For millennia, these systems have been built out assuming a steady, predictable landscape, allowing us to design long-lived networks where century-old aqueducts underlay new college campuses. But this predictability is becoming a thing of the past. More heat in the atmosphere means warmer weather and shifting climates, with attendant droughts, wildfires, and more frequent and severe hurricanes. But it also increases uncertainty: as the effects of greenhouse gases compound, we may reach tipping points, trigger positive feedback loops, and face other unprecedented changes to climates. Engineers can’t design systems to withstand hundred-year storms when the last century provides little guide to the weather of the next. No matter where in the world you reside, this is the future we will all have to live in. The only question that remains is what kind of world we want to build there.

Our shared infrastructural systems are the most profound and effective means that we’ve created to both relieve the day-to-day burdens of meeting our bodies’ needs and to allow us to go beyond their physiological limits. To face anthropogenic climate change is to become a civilization that can respond to this shifting, unpredictable new world while maintaining these systems: if you benefit from them today, then any future in which they are compromised is recognizably a dystopia. But that “dystopia” is where most of the world already lives. To face anthropogenic climate change ethically is to do so in a way that minimizes human suffering.

Mitigation—limiting the amount of warming, primarily through decarbonizing our energy sources—is one element of this transition. But the true promise of renewable energy is not that it doesn’t contribute to climate change. It’s that renewable energy is ubiquitous and abundant—if every human used energy at the same rate as North Americans, it would still only be a tiny percentage of the solar energy that reaches the Earth. Transforming our energy systems, and the infrastructural systems that they power, so that they become sustainable and resilient might be the most powerful lever that we have to not just survive this transition but to create a world where everyone can thrive. And given the planetwide interconnectedness of infrastructural systems, except in the shortest of short terms, they will be maintained equitably or not at all.

Ursula Franklin wrote, “Central to any new technology is the concept of justice.” We can commit to developing the technologies and building out new infrastructural systems that are flexible and sustainable, but we have the same urgency and unparalleled opportunity to transform our ultrastructure, the social systems that surround and shape them. Every human being has a body with similar needs, embedded in the material world at a specific place in the landscape. This requires a different relationship with each other, one in which we acknowledge and act on how we are connected to each other through our bodies in the landscapes where we find ourselves. We need to have a conception of infrastructural citizenship that includes a responsibility to look after each other, in perpetuity. And with that, we can begin to transform our technological systems into systems of compassion, care, and resource-sharing at all scales, from the individual level, through the level of cities and nations, all the way up to the global.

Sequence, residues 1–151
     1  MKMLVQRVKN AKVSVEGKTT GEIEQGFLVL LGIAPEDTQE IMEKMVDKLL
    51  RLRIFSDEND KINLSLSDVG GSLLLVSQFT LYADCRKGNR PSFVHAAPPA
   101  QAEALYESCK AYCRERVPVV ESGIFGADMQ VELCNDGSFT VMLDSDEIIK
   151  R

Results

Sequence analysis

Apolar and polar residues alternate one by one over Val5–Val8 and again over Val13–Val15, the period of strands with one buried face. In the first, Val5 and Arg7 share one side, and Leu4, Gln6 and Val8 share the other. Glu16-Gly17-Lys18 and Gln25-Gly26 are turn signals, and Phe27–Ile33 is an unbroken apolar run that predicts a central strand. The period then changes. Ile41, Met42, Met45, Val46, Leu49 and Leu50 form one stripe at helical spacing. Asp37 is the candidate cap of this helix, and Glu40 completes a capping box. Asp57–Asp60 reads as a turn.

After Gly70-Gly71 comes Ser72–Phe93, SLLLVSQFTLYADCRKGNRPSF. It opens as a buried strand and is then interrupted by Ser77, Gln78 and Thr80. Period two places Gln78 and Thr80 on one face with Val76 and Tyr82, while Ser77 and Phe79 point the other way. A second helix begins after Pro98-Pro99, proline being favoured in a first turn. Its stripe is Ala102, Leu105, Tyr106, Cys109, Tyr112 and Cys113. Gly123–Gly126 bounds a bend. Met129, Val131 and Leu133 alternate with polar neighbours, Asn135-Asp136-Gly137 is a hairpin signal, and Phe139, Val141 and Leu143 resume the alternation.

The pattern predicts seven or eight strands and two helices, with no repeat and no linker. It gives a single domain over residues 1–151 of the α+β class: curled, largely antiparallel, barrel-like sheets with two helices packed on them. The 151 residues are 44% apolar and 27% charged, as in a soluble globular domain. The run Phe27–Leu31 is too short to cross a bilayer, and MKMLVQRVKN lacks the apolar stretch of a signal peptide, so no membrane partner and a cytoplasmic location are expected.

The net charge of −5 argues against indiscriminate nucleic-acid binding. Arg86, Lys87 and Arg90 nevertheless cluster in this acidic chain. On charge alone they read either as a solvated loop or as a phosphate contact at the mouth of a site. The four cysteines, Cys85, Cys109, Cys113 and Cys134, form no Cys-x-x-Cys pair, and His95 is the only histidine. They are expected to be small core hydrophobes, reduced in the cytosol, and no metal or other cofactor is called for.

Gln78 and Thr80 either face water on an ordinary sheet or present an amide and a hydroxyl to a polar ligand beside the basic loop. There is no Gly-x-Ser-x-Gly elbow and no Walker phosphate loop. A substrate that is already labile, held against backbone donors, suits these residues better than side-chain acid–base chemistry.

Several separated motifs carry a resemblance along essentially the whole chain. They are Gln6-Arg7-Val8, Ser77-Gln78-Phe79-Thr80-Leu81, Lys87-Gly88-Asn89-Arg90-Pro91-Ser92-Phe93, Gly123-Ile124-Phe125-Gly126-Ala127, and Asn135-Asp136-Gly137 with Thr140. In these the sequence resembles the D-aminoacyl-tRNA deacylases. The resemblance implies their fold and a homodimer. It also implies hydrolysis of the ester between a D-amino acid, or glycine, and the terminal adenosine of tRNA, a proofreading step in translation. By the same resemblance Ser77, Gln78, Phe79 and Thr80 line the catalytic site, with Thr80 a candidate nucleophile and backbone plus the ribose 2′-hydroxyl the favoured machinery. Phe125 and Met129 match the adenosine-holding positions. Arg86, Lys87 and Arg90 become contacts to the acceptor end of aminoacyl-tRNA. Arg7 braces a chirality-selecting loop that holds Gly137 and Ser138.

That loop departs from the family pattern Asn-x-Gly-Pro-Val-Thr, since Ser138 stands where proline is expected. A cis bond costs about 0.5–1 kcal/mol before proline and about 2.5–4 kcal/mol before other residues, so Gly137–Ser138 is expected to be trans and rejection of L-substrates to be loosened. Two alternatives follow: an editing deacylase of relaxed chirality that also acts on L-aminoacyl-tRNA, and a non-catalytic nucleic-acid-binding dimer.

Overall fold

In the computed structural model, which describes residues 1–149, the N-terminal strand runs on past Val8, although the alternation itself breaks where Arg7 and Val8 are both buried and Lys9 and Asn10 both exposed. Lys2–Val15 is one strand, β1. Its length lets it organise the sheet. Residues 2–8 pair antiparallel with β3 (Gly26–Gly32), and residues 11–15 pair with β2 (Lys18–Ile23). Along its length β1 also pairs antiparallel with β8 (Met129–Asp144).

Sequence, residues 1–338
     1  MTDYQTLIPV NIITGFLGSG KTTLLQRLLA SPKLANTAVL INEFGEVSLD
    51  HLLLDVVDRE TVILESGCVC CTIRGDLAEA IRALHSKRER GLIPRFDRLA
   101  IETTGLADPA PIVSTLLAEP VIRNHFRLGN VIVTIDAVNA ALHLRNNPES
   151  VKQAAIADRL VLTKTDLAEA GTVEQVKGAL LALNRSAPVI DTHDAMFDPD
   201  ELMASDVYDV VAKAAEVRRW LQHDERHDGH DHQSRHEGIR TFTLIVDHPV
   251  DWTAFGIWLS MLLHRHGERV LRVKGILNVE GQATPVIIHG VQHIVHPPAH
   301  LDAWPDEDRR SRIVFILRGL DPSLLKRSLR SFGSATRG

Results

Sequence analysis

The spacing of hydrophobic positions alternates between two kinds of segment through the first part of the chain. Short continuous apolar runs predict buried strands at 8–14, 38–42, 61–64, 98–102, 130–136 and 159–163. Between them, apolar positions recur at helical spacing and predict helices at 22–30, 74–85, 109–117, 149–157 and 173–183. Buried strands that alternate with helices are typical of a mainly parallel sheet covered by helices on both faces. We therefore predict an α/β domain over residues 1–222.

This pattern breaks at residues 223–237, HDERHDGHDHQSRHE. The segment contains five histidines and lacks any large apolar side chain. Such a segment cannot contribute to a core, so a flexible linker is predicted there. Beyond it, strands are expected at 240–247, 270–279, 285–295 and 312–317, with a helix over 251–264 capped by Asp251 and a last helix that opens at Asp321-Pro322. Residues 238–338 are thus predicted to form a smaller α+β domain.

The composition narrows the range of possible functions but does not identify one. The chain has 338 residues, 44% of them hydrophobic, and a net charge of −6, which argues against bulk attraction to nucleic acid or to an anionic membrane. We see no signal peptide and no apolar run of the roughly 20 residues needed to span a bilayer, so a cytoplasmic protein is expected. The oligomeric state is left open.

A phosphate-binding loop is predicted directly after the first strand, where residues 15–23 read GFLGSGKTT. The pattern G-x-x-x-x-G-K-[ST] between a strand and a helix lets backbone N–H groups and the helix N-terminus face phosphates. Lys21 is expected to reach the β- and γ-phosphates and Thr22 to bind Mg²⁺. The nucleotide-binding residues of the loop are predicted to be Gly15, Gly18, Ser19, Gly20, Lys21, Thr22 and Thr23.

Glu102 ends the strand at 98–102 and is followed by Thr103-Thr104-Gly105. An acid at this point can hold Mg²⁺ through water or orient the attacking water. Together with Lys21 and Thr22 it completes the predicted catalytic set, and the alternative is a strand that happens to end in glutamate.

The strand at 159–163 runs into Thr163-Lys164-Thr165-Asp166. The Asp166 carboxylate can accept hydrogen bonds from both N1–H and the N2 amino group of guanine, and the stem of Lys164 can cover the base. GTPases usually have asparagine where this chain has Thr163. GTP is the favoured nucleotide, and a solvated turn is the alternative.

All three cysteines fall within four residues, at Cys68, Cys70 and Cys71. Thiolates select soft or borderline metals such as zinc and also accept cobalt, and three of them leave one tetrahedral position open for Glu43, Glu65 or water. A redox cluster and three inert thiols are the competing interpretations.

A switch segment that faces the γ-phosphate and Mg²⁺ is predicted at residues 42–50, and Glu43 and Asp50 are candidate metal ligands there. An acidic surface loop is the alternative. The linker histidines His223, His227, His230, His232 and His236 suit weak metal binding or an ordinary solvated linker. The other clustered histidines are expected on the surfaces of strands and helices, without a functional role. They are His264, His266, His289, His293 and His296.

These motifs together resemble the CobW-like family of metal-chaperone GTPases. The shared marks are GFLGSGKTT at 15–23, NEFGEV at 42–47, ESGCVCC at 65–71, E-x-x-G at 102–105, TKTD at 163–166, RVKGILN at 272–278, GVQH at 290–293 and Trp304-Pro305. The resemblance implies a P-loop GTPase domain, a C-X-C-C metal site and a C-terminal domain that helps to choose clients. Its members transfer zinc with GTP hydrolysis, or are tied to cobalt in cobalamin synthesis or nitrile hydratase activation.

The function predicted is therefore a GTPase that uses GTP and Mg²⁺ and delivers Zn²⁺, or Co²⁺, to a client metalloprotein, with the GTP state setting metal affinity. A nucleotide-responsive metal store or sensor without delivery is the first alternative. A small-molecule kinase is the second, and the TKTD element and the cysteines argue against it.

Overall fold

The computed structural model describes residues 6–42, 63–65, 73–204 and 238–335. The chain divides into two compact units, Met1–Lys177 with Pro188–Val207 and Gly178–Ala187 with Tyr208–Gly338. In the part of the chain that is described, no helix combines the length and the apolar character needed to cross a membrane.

Our social relationships with each other—our culture, our learning, our art, our shared jokes and shared sorrow, raising our children, attending to our elderly, and together dreaming of our future—these are the essence of what it means to be human. We thrive as individuals and communities by caring for others, and being taken care of in turn. Collective infrastructural systems that are resilient, sustainable, and globally equitable provide the means for us to care for each other at scale. They are a commitment to our shared humanity.

Bodies, agency, and infrastructure: “Care At Scale,” from Debbie Chachra (@debcha), via the indispensable Exponential View (@ExponentialView). Eminently worth reading in full.

See also: “Infrastructure is much more important than architecture“; and resonantly, “Kim Stanley Robinson: a climate plan for a world in flames.”

* Danny Hillis’ “Golden Rule of Time,” as quoted by Stewart Brand in Whole Earth Discipline


As we build foundations, we might recall that it was on this date in 1904 that the first balloon used for meteorologic research in the U.S. was released near St. Louis, Missouri. The balloon carried instruments that measured barometric pressure, temperature, and humidity, that returned to Earth when the balloon burst.

The first weather balloon was launched in France in 1892. Prior to using balloons, the U.S. used kites tethered by piano wire– the downsides being the limited distance kites could ascend (less than 2 miles), the inability to use them if the wind was too light or too strong, and potential for the kites to break away.

Since this first launch, millions of weather balloons have been launched by the National Weather Service and its predecessor organizations.


Written by (Roughly) Daily

September 15, 2021 at 1:00 am